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By Caitlin Jennings, Communications Specialist, Society for Science & the Public
More than 200 of the Intel International Science and Engineering Fair 2011 Finalists were already Society alumni, having previously competed at Intel ISEF, or another Society education program (Intel STS and the SSP Middle School Program, now the Broadcom MASTERS). But they were not the only returning alumni; alumni also attended as teachers, fair directors, volunteers, and judges. Here are just a few of the alumni who returned to the Intel ISEF 2011:
Erika DeBenedictis, who competed at Intel ISEF in 2007, 2008, 2009, and 2010 and also won the top award at Intel STS 2010, is now a freshman at Caltech, where she is majoring in physics. She is also working on publishing her award-winning project, a software navigation system that can help improve spacecraft travel through the solar system. Earlier in the year, Erika gave back to her regional fair by volunteering to judge, and she came back to Intel ISEF 2011 to volunteer. “I always really enjoyed science fair,” she says. “I made a lot of friends here, and it’s really fun to see what’s still going on.” Erika adds that science fair, including Intel ISEF, was some of the most fun she had in high school. “I wish I could spend the whole week here.”
Bob Wisner (ISEF 1958 and 1959), the Director of the Connecticut State Science Fair, got involved with science fairs through his seventh grade science teacher, and he continued researching into high school. It was at ISEF that he met a representative of United Technologies. That first connection helped him get an internship in 1960, which led to a job, and he worked at United Technologies for years until he retired in 1999. Bob has continued this legacy of connecting Finalists to industry groups as a Special Award judge at Intel ISEF. “Corporate involvement is key,” he says. “I would encourage all corporations to offer internships.”
Fittingly, the same seventh grade science teacher who got Bob interested in doing projects as a student also encouraged Bob to volunteer for science fairs as an adult, in the 1970s. He has been involved with the Connecticut State Science Fair ever since, shepherding many alumni of the fair, including Jacob Fox (Intel STS 2002; Intel ISEF 2002) and MacArthur “Genius” Grant Winner Kelly Benoit-Bird (ISEF 1994), on to ISEF.
Lynne Calonico (STS 1969), who is a clinical psychologist with Kaiser Permanente, says that judging at the Intel ISEF has “been on my bucket list since high school.” When competing at science fairs herself, she remembers her and a fellow competitor saying, “You know who has the good gig here, it’s the judges.” While she remembers being a little intimidated being interviewed by many high-powered judges, now, on the other side, she says she is still a bit intimidated because, “the quality of projects has vastly improved over the past 30-40 years.”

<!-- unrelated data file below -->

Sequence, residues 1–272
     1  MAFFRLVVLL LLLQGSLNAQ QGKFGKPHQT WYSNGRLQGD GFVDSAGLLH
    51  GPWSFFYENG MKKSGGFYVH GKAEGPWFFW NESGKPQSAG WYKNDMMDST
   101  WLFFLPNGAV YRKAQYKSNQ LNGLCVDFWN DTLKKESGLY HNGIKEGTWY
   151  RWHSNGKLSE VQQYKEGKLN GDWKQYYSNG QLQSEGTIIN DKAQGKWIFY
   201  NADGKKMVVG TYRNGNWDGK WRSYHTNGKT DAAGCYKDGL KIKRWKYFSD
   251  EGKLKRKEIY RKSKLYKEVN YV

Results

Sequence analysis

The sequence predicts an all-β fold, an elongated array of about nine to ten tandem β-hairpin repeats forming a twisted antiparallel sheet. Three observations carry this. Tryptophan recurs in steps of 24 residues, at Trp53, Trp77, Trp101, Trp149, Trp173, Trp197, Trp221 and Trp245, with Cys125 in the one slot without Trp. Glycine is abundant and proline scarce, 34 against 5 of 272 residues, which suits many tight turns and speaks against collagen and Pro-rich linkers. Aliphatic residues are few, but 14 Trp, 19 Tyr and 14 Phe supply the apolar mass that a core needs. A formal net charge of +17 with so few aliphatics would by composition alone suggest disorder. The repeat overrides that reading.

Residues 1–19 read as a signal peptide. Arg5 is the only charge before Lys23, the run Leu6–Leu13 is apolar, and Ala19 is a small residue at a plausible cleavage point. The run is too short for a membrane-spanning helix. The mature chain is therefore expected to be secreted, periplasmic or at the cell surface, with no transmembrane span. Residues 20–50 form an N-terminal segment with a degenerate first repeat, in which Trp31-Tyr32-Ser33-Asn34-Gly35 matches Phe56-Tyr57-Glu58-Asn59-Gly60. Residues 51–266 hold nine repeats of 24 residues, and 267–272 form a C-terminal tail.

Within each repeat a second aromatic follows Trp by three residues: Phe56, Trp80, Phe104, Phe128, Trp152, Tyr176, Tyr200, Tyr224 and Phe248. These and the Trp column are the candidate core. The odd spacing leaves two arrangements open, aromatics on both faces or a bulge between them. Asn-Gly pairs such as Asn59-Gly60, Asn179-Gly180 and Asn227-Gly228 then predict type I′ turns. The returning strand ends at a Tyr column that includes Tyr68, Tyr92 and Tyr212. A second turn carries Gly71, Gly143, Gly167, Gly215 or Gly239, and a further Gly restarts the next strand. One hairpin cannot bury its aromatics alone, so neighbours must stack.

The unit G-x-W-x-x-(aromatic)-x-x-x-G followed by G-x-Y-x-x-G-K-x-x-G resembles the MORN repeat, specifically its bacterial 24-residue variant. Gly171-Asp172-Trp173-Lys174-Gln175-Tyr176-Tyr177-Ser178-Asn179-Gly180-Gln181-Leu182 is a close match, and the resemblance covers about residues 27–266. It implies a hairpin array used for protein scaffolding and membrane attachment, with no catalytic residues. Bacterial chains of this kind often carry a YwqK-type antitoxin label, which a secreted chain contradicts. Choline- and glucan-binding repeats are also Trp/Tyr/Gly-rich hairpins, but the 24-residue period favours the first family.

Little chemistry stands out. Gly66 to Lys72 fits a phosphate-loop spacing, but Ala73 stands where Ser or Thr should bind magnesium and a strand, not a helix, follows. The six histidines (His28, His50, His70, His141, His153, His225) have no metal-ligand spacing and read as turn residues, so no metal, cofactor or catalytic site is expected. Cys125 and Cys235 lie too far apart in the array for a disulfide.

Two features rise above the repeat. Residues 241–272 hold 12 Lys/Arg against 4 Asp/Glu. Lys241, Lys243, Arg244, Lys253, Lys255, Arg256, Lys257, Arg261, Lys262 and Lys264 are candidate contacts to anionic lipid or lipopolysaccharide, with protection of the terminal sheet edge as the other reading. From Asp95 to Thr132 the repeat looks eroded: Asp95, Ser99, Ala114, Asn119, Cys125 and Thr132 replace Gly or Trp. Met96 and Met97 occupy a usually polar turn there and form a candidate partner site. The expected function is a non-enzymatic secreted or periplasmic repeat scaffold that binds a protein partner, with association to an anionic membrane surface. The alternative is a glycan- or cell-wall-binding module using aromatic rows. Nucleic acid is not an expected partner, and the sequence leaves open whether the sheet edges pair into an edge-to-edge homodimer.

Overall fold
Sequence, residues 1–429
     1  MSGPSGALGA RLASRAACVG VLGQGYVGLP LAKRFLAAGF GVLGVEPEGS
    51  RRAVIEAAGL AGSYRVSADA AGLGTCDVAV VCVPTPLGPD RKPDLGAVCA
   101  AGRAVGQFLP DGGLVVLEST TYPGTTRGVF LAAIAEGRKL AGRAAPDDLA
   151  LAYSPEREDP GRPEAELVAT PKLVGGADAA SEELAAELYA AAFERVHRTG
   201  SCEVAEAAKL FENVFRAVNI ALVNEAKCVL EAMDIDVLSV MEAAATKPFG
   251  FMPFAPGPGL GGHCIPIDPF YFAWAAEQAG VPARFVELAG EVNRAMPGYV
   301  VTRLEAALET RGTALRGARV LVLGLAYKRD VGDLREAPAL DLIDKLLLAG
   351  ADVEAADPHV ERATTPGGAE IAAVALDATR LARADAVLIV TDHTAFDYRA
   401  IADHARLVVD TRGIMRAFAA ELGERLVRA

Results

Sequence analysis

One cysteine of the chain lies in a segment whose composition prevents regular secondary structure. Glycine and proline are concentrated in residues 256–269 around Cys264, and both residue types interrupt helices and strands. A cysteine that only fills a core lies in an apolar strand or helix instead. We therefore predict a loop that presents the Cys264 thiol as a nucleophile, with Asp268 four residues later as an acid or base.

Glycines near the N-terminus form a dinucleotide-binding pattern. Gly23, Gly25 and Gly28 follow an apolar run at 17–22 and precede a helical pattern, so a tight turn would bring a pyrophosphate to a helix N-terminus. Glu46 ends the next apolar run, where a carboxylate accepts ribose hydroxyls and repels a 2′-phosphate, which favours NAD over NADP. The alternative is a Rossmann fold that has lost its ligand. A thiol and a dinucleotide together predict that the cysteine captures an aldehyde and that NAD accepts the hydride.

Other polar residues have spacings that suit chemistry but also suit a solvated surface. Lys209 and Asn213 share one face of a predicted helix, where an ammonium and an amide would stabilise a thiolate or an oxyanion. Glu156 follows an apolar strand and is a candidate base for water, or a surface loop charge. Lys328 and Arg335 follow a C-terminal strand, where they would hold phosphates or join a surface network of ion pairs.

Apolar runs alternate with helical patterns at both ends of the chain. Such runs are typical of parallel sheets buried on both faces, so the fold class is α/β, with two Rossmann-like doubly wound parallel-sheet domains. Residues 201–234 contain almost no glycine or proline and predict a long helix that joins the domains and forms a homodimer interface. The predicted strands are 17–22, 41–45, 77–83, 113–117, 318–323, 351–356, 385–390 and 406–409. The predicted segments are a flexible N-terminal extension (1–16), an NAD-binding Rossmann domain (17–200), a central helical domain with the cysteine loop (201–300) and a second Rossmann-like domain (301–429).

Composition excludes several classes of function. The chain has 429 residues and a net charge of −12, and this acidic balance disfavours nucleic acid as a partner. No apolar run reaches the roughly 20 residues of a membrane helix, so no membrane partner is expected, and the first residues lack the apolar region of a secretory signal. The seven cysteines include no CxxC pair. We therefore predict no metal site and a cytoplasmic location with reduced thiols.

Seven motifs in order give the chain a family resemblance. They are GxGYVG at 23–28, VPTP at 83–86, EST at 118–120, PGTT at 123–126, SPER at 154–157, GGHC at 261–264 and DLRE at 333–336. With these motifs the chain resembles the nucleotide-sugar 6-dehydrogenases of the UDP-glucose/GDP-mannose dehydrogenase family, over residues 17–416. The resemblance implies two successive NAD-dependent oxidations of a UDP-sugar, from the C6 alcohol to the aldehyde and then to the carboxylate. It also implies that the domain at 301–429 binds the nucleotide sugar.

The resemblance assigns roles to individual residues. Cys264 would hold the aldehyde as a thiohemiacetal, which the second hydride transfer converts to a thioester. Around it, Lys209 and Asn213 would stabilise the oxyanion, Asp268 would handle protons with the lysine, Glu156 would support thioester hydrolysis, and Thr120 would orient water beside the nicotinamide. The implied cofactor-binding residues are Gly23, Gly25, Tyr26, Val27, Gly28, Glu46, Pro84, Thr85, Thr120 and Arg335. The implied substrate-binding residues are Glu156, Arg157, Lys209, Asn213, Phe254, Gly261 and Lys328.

Liz Baker (Intel ISEF 2003, 2004, 2005, 2006), recently earned her master’s degree in Evolutionary Psychology and continues to be involved in science fairs as a member of the Southern Arizona Regional Science and Engineering Fair board. She enjoys coming back to Intel ISEF with her regional fair and helping the students.
“I always give them a judging talk,” Liz says of the Finalists she chaperones during Intel ISEF. She likes to prepare them for the possibilities and give them confidence. She also stresses that they shouldn’t just run through a long, planned speech, but instead interact, respond to questions, and “show the judges how much you love what you’re doing.”
When Katie (Razer) Parson (ISEF 1996) was a senior in high school, ISEF conflicted with her senior prom, but she made the choice to skip Prom and go to ISEF. She says, “The week of mingling with the students from around the world, getting to compete in the premier science research competition for high school students, and getting to experience all of the tours, speakers, and other events as ISEF more than made up for missing my senior prom!”
She was inspired to do her research, examining the development of young mice with differing levels of maternal contact, when she heard about babies in orphanages who had developmental problems due to lacking affectionate contact. “I realized then (both from my background research and from my experiment) how very important it is that developing minds and bodies get the stimulation they need to develop to their full potential physically and intellectually.” She has put that knowledge to use, she says, as both a mother and a teacher, by offering her students “varied instructional methods, interactive audio-visual instruction, and hands-on experiences.”
This year, Katie attended the Intel ISEF with students from the Central Arkansas Regional Science Fair and the Arkansas Science and Engineering Fair. “Returning to [Intel] ISEF as a teacher has been a marvelous experience. I enjoy sharing in the excitement my students feel, as I did 15 years ago,” she says. “Participating in [Intel] ISEF is such an educational and fun experience, for both the teachers and the students!”
The student pin exchange ceremony was the introductory event of the 2019 Intel Internati
For some students, science projects can be a one-time endeavor—they pick a topic to study in-depth and then move on to other scientific subjects that intrigue them.